Make a Wish!


                                        

When you were a kid, and blew out the candles on your birthday cake, were you told to make a wish?  I think all of us were and there began the concept of wishful thinking.

As a child, to wish for whatever you want, merely by believing it could come true, was entertaining and satisfying.  Only to then feel a harsh let down when the wish was denied.  It would be a hard lesson for learning the true meaning of making a wish.  

When I was a kid in the 1960s, even the Sears Christmas catalog was called the “Wish Book”.  We had television shows like “I Dream of Jeanie”, and “Bewitched” telling us that magic could make wishes come true.  And then there was Santa Claus, with every child back then believing in Santa!  He was the most magical of all because he could make any wish come true.  It all seemed quite innocent and fun at the time. 

The Google dictionary explains the meaning of the word “wish,” this way: “to feel or express a strong desire or hope for something that is not easily attainable; to want something that cannot or probably will not happen.”

It was a rather harsh reality to realize that wishing was just role playing a fantasy.  To truly make a wish reality, you had to put some hard work into it.  It was not free.  You had to make that wish come true yourself.  We could wish all day long but would see nothing happen unless we got up and did it ourselves.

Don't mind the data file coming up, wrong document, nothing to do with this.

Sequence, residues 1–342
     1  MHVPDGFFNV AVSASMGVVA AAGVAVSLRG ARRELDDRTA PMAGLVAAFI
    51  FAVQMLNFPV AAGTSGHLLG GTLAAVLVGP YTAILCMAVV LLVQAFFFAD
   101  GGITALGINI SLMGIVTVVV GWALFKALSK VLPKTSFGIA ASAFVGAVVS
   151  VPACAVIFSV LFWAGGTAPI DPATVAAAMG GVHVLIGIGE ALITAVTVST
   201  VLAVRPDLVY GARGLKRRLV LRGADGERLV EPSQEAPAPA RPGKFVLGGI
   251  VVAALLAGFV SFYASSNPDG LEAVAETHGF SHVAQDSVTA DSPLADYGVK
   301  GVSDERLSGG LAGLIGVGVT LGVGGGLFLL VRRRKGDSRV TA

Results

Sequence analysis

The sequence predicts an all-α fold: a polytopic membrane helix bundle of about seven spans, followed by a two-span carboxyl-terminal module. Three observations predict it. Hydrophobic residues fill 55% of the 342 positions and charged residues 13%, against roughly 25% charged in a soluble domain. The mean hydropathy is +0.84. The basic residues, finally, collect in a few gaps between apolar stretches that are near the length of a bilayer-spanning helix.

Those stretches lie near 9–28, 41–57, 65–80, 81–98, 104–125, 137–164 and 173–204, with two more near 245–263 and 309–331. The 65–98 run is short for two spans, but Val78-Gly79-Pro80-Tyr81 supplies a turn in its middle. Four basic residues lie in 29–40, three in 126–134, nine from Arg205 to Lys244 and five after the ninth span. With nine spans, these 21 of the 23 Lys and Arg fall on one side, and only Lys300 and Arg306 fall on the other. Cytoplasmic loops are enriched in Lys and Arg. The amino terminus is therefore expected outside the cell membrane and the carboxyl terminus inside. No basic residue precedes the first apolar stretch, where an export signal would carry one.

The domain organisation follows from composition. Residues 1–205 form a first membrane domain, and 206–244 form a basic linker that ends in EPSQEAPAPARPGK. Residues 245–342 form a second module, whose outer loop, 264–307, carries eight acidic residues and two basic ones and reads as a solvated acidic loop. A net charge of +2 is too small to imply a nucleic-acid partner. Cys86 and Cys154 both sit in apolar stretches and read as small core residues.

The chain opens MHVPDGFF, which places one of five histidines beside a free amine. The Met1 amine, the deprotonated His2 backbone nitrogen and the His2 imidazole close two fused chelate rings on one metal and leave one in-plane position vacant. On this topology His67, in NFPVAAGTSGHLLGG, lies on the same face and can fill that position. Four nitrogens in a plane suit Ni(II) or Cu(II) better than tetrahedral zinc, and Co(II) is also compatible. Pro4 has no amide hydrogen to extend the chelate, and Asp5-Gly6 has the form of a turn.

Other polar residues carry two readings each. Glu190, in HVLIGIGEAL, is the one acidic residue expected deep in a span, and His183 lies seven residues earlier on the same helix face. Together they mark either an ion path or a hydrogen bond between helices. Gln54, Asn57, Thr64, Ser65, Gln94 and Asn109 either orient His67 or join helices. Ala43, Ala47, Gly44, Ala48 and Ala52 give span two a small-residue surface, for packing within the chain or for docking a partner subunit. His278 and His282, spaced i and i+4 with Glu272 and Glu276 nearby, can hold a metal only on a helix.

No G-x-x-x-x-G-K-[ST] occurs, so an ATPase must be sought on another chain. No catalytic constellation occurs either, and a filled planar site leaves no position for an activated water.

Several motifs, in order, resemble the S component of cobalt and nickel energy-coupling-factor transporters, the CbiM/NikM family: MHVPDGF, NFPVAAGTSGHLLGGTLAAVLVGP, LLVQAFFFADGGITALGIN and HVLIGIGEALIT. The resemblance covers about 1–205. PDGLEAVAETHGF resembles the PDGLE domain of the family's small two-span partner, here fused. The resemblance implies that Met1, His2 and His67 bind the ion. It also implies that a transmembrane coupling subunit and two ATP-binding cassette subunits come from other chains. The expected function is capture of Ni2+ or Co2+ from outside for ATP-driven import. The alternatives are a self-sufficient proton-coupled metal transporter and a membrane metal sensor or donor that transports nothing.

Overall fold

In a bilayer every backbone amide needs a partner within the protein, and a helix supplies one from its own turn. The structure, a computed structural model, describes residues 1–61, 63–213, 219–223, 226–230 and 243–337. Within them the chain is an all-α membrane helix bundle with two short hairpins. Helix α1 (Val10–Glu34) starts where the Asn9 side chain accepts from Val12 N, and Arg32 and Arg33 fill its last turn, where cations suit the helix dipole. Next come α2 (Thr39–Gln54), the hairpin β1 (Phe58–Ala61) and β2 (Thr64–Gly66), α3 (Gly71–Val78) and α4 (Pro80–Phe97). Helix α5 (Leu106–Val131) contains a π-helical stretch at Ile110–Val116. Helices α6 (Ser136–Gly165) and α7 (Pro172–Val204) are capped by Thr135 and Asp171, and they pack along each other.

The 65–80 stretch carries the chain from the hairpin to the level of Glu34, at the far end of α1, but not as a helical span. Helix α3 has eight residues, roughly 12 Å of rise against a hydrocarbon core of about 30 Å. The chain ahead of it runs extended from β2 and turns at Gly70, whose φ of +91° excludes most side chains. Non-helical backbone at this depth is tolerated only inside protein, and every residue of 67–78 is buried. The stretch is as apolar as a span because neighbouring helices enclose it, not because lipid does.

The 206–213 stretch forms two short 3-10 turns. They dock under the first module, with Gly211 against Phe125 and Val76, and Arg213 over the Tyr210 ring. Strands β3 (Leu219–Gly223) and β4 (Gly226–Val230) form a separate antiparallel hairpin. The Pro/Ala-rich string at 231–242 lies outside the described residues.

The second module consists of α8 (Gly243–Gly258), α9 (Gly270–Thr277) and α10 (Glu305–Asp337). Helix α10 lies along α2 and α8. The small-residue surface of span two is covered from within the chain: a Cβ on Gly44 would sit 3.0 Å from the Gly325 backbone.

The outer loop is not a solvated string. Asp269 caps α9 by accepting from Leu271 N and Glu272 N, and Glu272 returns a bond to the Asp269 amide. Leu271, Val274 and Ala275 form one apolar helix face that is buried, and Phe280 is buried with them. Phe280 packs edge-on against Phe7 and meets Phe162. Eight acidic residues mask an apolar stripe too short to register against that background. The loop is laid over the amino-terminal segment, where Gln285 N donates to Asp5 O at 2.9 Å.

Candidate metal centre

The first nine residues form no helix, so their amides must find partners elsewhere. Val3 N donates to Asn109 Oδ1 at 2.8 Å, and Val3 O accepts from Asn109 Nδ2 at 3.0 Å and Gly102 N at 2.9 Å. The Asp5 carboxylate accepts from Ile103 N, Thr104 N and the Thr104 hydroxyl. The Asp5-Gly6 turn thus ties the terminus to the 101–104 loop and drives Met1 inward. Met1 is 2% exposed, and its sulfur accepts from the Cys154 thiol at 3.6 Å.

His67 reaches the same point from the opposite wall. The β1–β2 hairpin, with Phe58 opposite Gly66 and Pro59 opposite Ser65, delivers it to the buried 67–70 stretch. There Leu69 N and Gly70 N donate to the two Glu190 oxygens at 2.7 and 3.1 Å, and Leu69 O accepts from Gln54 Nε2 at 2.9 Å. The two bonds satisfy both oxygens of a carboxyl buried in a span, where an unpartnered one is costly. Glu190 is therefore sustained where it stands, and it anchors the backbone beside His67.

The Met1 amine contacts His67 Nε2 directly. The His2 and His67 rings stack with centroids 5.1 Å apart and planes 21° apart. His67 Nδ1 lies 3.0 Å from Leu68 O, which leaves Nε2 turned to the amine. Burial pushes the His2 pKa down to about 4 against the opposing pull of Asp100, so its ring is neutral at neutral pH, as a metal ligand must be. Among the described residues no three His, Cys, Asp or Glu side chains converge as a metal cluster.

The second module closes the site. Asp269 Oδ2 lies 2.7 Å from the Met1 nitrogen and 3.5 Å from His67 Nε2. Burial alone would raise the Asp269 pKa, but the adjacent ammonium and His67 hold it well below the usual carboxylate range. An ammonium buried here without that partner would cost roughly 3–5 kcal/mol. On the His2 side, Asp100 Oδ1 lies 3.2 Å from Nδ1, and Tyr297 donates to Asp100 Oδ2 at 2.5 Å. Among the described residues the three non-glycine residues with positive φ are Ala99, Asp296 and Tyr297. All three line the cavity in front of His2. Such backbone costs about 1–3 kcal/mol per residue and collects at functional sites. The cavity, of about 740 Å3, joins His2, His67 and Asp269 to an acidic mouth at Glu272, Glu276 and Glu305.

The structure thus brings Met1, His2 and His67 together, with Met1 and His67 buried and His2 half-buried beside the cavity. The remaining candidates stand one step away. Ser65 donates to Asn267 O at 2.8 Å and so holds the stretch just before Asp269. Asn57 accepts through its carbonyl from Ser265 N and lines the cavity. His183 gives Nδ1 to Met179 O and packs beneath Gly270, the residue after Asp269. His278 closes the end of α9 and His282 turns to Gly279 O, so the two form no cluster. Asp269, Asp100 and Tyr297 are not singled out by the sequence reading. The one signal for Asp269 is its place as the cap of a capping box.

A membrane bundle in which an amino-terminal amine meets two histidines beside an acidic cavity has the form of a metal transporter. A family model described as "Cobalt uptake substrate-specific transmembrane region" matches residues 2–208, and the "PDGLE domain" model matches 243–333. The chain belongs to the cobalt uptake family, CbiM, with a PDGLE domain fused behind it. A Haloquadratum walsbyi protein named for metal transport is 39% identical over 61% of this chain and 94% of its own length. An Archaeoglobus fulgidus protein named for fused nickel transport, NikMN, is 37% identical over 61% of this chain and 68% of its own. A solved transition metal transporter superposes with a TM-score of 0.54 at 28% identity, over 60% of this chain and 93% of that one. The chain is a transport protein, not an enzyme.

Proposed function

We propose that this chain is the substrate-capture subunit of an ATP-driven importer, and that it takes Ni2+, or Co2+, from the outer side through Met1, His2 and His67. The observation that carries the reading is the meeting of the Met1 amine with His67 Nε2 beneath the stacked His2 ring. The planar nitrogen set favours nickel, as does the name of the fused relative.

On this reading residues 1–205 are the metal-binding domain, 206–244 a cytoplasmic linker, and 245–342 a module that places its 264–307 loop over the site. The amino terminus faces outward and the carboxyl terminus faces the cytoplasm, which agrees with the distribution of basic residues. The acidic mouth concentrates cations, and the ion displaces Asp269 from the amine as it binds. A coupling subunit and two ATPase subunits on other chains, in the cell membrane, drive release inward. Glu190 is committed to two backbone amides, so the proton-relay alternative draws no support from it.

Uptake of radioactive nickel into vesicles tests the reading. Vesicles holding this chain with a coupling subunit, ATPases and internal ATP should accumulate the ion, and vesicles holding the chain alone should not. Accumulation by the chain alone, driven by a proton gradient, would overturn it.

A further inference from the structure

I guess all loving parents want their children to believe the world is full of wonder, and at their fingertips.  They want their children to feel as though anything good in life is possible.  I don’t believe parents mean to set their kids up for disappointment with wishing.  I believe they are only trying to give their child a positive outlook.  Or something to look forward to, as with Santa Claus.

As entertaining as it might be to wish I would win millions in the lottery, I would waste my time and energy doing so.  I’m not so sure I want to encourage my grandchildren to wish for things.  I believe I want them to dream, and to know that dreams come true for those that work toward making that dream come true.  

Next time I catch myself beginning a sentence with “I wish”, I will stop myself in my tracks.  Wishes cannot be granted, but dreams can be built.

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